I went across the street to another Internet cafe. It looked like the Hilton compared to the youth hostel I left. It had air-conditioning, comfortable chairs. But once again, India managed to screw me. I downloaded my picture and it wouldn’t take a PDF file. Only JPEG. I looked in my emails and found my JPEG photo. Boom. It worked. I tried downloading my passport page. Nope. It’s only a PDF.
I called over the clerk, a teenager about 5 feet tall with missing teeth. He leaned over my shoulder and using one hand as deftly as a surgeon, called up a website, found the PDF-to-JPEG link and my passport page was in JPEG.
So, for the fifth time that morning and eighth time in two days, I filled out the form. BINGO! It worked. At least, I applied successfully. It still must be approved. If I’m not approved I will instead go to Pakistan and direct one of its nukes on downtown Delhi.
I couldn’t wait to escape Colombo. In three days I never escaped the neighborhood of Pettah. There is nothing around my Port View City Hotel except cheap retail shops and dust. I explored the neighborhood and the only food I found for lunch was a real dodgy sandwich behind a dirty glass pane in a tiny shop. It was called a Fish Bun. Let’s see. Fish left behind unrefrigerated glass since possibly British occupation? I went back to my backpack and ate a Clif Bar.
Fortunately, the rice curry dish, my first of Sri Lanka’s national diet staple, was fantastic. It was in Colombo’s chaotic Central Bus Station in a self-catering buffet line. On a big pile of white rice, the guy scooped on piles of chicken, lentils, beans, vegetables and fish. It was all piping hot, reasonably spicy and as local as you’re going to get. I was the only white guy in a room packed full of locals getting the hell out of steaming Colombo.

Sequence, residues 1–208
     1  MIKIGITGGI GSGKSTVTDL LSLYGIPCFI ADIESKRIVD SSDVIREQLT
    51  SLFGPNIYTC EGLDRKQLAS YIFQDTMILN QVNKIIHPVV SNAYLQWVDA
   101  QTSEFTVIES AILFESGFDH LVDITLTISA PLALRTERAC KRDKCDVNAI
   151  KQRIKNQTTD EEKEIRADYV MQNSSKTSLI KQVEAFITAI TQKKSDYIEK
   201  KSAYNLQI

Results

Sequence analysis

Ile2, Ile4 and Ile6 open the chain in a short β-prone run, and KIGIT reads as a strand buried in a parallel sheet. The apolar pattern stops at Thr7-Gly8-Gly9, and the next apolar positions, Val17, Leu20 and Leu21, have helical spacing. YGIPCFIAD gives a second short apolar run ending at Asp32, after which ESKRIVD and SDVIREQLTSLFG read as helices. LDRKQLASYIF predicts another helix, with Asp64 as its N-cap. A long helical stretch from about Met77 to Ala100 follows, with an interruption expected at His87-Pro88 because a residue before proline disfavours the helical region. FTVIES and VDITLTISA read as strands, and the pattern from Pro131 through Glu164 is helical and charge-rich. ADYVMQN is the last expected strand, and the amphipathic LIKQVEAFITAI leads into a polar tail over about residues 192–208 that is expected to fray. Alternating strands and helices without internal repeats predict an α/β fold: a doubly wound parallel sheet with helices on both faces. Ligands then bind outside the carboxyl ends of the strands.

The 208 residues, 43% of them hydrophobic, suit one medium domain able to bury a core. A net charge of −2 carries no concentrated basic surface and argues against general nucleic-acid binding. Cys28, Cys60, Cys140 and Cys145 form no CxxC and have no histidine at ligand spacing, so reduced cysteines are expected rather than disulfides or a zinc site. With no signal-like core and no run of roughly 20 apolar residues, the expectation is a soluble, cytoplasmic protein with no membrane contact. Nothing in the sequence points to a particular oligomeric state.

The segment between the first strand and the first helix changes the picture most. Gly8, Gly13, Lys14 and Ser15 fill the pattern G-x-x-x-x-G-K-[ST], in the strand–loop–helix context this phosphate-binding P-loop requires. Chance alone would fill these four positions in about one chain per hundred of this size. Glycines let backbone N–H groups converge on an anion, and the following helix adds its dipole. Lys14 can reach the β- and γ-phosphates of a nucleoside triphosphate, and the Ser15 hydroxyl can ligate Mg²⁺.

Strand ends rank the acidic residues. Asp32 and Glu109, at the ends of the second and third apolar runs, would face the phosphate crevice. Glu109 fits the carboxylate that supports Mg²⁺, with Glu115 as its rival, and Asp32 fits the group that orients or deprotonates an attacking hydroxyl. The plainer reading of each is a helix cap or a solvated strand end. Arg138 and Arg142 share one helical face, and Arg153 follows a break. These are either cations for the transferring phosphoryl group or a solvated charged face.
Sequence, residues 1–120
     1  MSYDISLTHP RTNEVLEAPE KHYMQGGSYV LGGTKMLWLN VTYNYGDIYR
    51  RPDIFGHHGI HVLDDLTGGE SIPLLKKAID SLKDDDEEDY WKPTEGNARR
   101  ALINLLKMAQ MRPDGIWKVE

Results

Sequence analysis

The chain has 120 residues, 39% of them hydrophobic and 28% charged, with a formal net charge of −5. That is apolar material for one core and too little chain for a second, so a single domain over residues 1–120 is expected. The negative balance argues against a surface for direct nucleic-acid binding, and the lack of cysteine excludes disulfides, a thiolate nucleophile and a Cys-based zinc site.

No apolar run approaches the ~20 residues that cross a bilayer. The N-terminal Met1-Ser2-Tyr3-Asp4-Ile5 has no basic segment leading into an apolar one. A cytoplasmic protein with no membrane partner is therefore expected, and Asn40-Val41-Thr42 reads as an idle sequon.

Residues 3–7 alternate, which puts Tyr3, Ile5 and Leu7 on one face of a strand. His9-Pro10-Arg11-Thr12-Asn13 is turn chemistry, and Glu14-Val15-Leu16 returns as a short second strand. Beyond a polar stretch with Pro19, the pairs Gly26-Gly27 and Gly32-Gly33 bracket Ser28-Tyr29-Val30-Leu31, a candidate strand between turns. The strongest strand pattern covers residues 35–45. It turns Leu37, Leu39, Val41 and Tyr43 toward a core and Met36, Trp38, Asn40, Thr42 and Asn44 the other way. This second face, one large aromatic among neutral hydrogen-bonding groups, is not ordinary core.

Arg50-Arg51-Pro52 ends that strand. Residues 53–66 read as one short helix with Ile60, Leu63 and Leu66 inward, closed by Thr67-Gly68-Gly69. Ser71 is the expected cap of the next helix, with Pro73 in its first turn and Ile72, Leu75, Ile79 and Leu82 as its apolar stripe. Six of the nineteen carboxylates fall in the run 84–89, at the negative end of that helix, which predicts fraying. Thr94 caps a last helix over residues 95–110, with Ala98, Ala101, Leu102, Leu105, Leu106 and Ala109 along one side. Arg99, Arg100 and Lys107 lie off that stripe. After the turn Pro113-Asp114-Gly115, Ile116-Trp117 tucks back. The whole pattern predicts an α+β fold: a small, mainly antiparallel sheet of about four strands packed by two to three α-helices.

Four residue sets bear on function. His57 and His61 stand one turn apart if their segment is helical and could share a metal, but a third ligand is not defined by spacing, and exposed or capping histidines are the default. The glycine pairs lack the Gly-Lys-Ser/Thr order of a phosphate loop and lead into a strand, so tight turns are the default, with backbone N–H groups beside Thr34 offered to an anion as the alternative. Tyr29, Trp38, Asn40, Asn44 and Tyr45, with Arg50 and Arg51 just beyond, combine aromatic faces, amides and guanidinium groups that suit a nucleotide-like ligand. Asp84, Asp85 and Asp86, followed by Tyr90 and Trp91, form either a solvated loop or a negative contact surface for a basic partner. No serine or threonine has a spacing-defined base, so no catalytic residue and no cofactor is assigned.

Of course, nothing is easy for me in Sri Lanka. Neither was leaving town. The Central Bus Station is chaos. It’s a long corridor with signs showing destinations in Sinhala, Tamil and English. A bus pulls up to the designated destination sign, people line up and pour in. There are no signs for the A-C buses that are marginally more expensive but the apparent difference is like between a bed at the Four Seasons and a bed of nails. My bus was leaving at 2:30 p.m. I arrived at 1. After double checking for the fourth time, the man in the booth labeled, almost libelously, “CONSULTANTS BOOTH,” said my bus broke down. The next bus leaves at 3:30. So I sat on a flimsy red plastic chair with the back blown out as if victim of an irate gunman whose bus had broken down.
Swiss Air this was not.
The bus station is a microcosm of the ethnic mix that is Sri Lanka. Colombo is truly the crossroads of Asia: It’s about 70 percent Buddhist, 13 percent Hindu, 10 percent Muslim. I saw Muslim women with only their eyes showing, curiously impervious to the suffocating humidity in all that black fabric. I saw Hindus in the triangular caps and Buddhists in long robes. From a distant mosque I could hear the Muslim call to prayer. A crazed, old man in rags began rambling at me with a wild-eyed expression of a man who’d seen too much of the civil war and wanted too desperately to share his politics.
At 3:10, I walked to the bus which arrived. It was full. I stood up in the middle of the bus, my head brushing the roof of the bus, and said, “WHAT ELSE COULD GO WRONG HERE? HOW THE HELL DO YOU GET OUT OF THIS TOWN?” I saw a Muslim man stare at me, my eyes red, my fists clenched, and sink deeper into his seat.